How Data on Outcomes Can Improve Addiction Treatment

How Data on Outcomes Can Improve Addiction Treatment

By The Fix staff 02/26/18

"If you’re able to find out the outcomes, if you can see specific data in black and white, that lets you make a more informed decision about whether you want to attend that program."

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If you're seeking treatment for a life-threatening, degenerative disease, you're going to want to know that you're accessing the best treatment possible. Unfortunately, while it's common to track outcomes for physical illnesses like diabetes or cancer, tracking outcomes for people treated for substance use disorder and other behavioral health issues is much less common.

"Outcomes measurement isn’t standard in addiction treatment and behavioral health because behavioral health providers have not been held to the same standards as people who are doing acute care (for physical illnesses)," says Audrey Klein, the exec director of the Butler Center for Research at the Hazelden Betty Ford Foundation.

The Hazelden Betty Ford Foundation has been at the forefront of tracking patient outcomes for decades. The Butler Center employs full-time staff who are responsible for collecting information on previous patients at one, three, six, nine and twelve months after they leave their treatment program.

The outcomes data usually focuses on two core questions: Has the patient stayed abstinent since leaving treatment? And if not, for how many days did they actually use substances.

"We look at those two measurements over time and always try to improve them," Klein says. "Over time we have implemented a number of things to improve those outcomes."

One program that emerged as a way to improve outcomes was the My Ongoing Recovery Experience (MORE) program, which gives Hazelden Betty Ford patients access to web-based recovery support after they have left treatment.

When the program started in 2006, research from the Butler Center immediately showed that it was making a big difference for patients.

"Research on outcomes has shown that patients who use MORE after treatment have much higher abstinence rates than people who don't," Klein says.

More recently, the Hazelden Betty Ford Foundation has introduced the COR-12 program, which offers medication-assisted treatment for opioid addiction in conjunction with Twelve Step philosophies. The Butler Center just completed a study of over 250 patients to see whether and how outcomes improve for people who participate in the COR-12 program.

Klein is careful to point out that merely tracking outcomes does not improve the quality of treatment: rather, how that data is used to inform clinical practice is what is important. She says that the Hazelden Betty Ford Foundation's focus on continuously collecting and evaluating data helps clinical staff know what is working best, even when it comes to small everyday details.

"MORE and COR-12 are at the level of specific programs that we have created and made available over time. Those are larger projects, but it's important for me to point out that day-to-day we are always sharing our outcomes data to make therapy better, and to improve our clinical practice at the level of our patients and care providers."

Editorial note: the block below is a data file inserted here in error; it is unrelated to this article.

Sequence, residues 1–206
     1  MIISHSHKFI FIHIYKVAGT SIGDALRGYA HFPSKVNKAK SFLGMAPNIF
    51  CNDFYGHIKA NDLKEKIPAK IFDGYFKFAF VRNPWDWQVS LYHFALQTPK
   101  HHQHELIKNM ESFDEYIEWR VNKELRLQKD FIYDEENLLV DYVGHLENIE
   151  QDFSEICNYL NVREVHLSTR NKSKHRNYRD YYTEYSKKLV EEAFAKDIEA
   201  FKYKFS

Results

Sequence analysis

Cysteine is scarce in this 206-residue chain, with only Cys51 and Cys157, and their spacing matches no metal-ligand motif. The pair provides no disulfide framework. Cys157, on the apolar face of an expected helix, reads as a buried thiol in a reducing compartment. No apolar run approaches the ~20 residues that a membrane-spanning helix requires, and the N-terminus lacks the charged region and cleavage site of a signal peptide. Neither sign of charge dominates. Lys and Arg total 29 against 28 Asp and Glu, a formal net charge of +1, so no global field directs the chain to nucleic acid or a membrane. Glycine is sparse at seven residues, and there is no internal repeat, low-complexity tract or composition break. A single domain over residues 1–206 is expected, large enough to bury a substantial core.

Those constant improvements are why the Hazelden Betty Ford Foundation emphasizes the importance of tracking outcomes.

"We are constantly having clinicians look at outcomes, making adjustments to care, and introducing new evidence-based practices. In those scenarios, outcomes are a necessary step to improve clinical care," Klein says.

For most people, an ideal outcome after treatment for substance use disorder is abstinence. However, since addiction is by nature a chronic disease often accompanied by relapse, it’s not realistic to expect 100 percent of patients to report abstinence, Klein says. However, about 70 percent of patients at the Hazelden Betty Ford Foundation are abstinent in the nine months following treatment.

"That’s really high," Klein says, pointing out that clinical research studies of people who have completed treatment generally find a much higher rate of relapse. "With a huge caveat thrown in that we're not able to compare apples and oranges, you can get a sense of outcomes when you look at published research. When you look at the Hazelden Betty Ford Foundation outcomes they tend to be higher than what is found in other studies."

Klein says that she would like to see more treatment centers tracking outcomes and releasing the data so that competitors and consumers can have a better idea of what is common in the industry. However, she also notes that tracking data can be time consuming and expensive. Still, as more healthcare organizations and insurance payers demand outcomes data, she expects to see the collection of outcomes data for addiction and other behavioral health issues improve.

Accessing that data can help patients and their families chose the treatment center that will best serve them.

"It really puts them in the position of being a more informed customer," Klein says.

Recently, she received an email from a woman asking about outcomes data. She wanted the information in order to choose the treatment center that would be best for her.

"If you’re able to find out the outcomes, if you can see specific data in black and white, that lets you make a more informed decision about whether you want to attend that program," Klein says.

Get more information on the Hazelden Betty Ford Foundation here, and connect with the organization on Facebook and Twitter.

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